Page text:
Friday, July 19, 2013

What Makes Our Investigators Different


By Guest Blogger Amy Loveland, MA, CCRC, program coordinator, MedStar Community Clinical Research Center

Amy Loveland
Last week while doing research for a study participant on diagnosing diabetes, I searched for a particular diabetes testing procedure. When I clicked on one of the first search results, imagine my surprise at seeing the face of one of our newest investigators, Dr. Asqual Getaneh. It turns out Dr. Getaneh previously ran a health blog answering frequently asked questions about diabetes symptoms, diagnosis and treatments. I read her entry (http://www.everydayhealth.com/diabetes-specialist/alternatives-to-glucola.aspx) and was pleasantly surprised to learn something I hadn’t known, that jelly beans have been shown in at least one study to be effective in diagnosing diabetes.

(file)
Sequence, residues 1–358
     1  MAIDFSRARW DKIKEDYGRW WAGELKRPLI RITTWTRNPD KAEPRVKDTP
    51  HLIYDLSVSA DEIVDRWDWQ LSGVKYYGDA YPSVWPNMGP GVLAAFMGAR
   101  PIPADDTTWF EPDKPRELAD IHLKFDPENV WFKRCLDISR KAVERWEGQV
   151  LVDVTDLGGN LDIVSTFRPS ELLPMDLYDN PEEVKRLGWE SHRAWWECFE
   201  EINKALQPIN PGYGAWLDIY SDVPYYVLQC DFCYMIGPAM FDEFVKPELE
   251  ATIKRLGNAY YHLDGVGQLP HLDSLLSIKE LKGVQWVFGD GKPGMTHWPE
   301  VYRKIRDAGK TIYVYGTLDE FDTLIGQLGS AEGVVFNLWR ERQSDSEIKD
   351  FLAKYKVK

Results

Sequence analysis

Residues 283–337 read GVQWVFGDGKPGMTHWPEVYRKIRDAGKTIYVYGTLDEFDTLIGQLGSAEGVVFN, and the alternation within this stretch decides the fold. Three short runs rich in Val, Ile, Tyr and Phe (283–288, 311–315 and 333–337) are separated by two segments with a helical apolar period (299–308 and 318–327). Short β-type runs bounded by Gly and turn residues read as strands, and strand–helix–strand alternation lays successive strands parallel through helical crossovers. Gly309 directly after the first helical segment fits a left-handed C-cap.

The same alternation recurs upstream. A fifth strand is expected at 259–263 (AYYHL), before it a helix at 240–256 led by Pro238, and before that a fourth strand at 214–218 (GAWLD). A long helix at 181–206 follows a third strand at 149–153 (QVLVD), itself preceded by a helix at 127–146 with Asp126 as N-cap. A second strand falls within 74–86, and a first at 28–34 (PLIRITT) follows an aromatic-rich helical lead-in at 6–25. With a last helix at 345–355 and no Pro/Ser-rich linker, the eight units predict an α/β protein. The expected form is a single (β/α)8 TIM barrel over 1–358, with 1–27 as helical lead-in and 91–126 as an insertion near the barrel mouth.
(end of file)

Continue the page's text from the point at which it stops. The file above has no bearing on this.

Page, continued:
The more I thought about this, the more I realized how fortunate we are to work with the investigators that we do. I have been to numerous study meetings and talked with research coordinators from all over the country, and time and again I hear about investigators who aren’t available, don’t know their study participants,or pop into the office once every week or so just to sign off on charts. Then, they are off to this meeting and that advisory board and another panel discussion. These activities all have their place in clinical research, but at the MedStar Community Clinical Research Center, I am proud to work with investigators who know the participants by name, ask about their work and families, and remember their medical histories from one visit to the next. I am proud to work with investigators who are equally as comfortable giving presentations to their colleagues at the American Diabetes Association as they are engaging the community at health fairs and through blogs. Our participants appreciate it, too, and it is part of what keeps them coming back study after study.


I feel fortunate to work with the dedicated investigators who are a part of MHRI!



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